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Good Morning Nanty Glo!
               Thursday, June 27 2002 


The ultimate rejection has to be rejection by God. More correctly, I should say “the perception of rejection by God,” because biblical religion holds that God does not turn away anyone who diligently seeks Him (Hebrews 11:6), though many interpret circumstances in their lives as being God’s punishment for anything from their own shortcomings to sins committed by their forebears. The anecdote earlier in this series about Paul Tillich’s perception as a child that God rejected him through his earthly father’s rebuking rather than praising his child's-play interpretation of Christ’s birth, may be a prototypical example of the alienation many feel toward God.

The Roman Catholic and Eastern Orthodox churches teach that their bishops and priests represent Jesus Christ in the services of the church and even in the personal lives of the faithful, where they are examples, counselors, and prayer intercessors. So the betrayals of trust by clergy that have been coming out in recent news reports must seem to the victims (and in a larger sense, any of the faithful may feel victimized) as betrayal by God himself. And from my evangelical Protestant background I can attest that even in that more democratized religious milieu many have taken the rejection of a minister or even the lay leadership of a congregation as rejection by God. An attitude of “I tried to give my talent to God, but He didn’t want it” because someone who was asked to receive or facilitate it lacked interest, is occasionally cited as a reason for rejecting the church, the faith, and/or God.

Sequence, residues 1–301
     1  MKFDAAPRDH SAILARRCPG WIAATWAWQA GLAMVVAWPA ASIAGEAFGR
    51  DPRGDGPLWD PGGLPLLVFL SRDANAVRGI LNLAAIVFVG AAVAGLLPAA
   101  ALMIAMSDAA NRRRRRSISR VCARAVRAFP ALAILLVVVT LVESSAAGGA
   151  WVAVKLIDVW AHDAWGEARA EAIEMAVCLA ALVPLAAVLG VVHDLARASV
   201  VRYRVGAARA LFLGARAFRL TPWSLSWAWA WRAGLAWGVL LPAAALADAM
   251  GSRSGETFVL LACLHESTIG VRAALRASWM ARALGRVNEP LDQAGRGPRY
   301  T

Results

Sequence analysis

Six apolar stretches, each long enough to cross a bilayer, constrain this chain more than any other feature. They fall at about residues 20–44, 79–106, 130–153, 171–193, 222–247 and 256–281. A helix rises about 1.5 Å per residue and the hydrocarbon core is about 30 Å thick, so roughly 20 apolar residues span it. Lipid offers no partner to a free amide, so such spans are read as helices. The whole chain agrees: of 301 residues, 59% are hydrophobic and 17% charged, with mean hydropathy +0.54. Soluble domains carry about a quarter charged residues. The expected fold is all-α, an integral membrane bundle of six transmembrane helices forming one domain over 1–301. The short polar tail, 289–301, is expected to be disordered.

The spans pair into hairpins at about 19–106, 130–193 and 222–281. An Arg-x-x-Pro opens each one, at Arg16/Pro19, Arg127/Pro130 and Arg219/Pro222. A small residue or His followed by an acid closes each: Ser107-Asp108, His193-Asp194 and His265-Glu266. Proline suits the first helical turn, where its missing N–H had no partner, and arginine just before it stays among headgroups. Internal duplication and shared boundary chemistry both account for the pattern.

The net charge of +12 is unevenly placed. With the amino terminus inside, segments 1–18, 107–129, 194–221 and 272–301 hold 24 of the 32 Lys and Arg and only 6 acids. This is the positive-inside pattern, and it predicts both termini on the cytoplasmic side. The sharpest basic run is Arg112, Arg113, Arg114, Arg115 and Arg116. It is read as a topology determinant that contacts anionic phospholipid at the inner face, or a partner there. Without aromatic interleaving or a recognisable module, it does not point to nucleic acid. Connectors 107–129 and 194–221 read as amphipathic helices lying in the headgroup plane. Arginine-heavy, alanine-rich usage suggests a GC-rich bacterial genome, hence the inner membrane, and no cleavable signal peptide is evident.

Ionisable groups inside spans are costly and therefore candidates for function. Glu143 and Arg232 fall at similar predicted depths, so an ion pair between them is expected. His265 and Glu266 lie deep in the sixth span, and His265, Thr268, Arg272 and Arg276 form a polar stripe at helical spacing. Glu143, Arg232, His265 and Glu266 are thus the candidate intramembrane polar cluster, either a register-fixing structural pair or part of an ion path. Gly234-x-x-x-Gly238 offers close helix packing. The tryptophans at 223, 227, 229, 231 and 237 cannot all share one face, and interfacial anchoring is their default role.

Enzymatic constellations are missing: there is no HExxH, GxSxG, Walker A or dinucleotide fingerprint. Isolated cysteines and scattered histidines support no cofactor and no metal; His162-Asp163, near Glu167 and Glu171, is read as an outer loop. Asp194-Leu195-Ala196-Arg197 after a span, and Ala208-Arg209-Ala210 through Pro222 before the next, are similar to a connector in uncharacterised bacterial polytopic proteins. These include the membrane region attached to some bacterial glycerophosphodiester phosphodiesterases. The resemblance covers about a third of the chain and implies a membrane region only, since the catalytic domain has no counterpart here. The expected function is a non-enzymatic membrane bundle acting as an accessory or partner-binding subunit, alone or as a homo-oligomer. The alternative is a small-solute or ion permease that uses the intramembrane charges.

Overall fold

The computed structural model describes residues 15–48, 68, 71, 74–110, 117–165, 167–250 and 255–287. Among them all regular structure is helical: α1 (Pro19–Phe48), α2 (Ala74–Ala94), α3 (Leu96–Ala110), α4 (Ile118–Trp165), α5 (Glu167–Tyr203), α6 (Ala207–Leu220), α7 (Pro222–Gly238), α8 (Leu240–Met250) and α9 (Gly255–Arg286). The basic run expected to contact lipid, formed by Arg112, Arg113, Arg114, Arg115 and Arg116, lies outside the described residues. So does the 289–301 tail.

Some turn to God because they have nowhere else to turn, or because they're persuaded that He cannot, will not, turn them away. That may not be the best reason, but it's an entirely adequate one, when undertaken in good faith supported by faith-works (repentance, prayer, and alms). The promise of Psalm 27:10, “When my father and my mother forsake me, then the LORD will take me up,” may be applied to the sometimes failing fathers of ministry and the mother of institutional religion. To all who blame God or reject the church because of the sinners in it, remember the old aphorism: “If you're feeling far away from God these days, guess who moved.”

I think throughout life I've felt more alienation than acceptance in the churches I've chosen. Church isn't easy. Citizenship isn't easy. Even being a family is not easy. But running from the hardship rather than working to make it work better is cutting yourself off from your own roots or, as many a western Pennsylvania mom used to say, cutting off your nose to spite yourself.

—Webmaster Jon Kennedy

You may be a redneck if... (2002 edition, series)

You have a complete set of salad bowls and they all say Cool Whip on the side.
The biggest city you've ever been to is Wal-Mart.
Your working TV sits on top of your nonworking TV.
You thought the Unibomber was a wrestler.
You've used your ironing board as a buffet table.

— Sent by Mike Harrison

Thought for today

The trouble with the rat race is that even if you win, you're still a rat.

—Lily Tomlin

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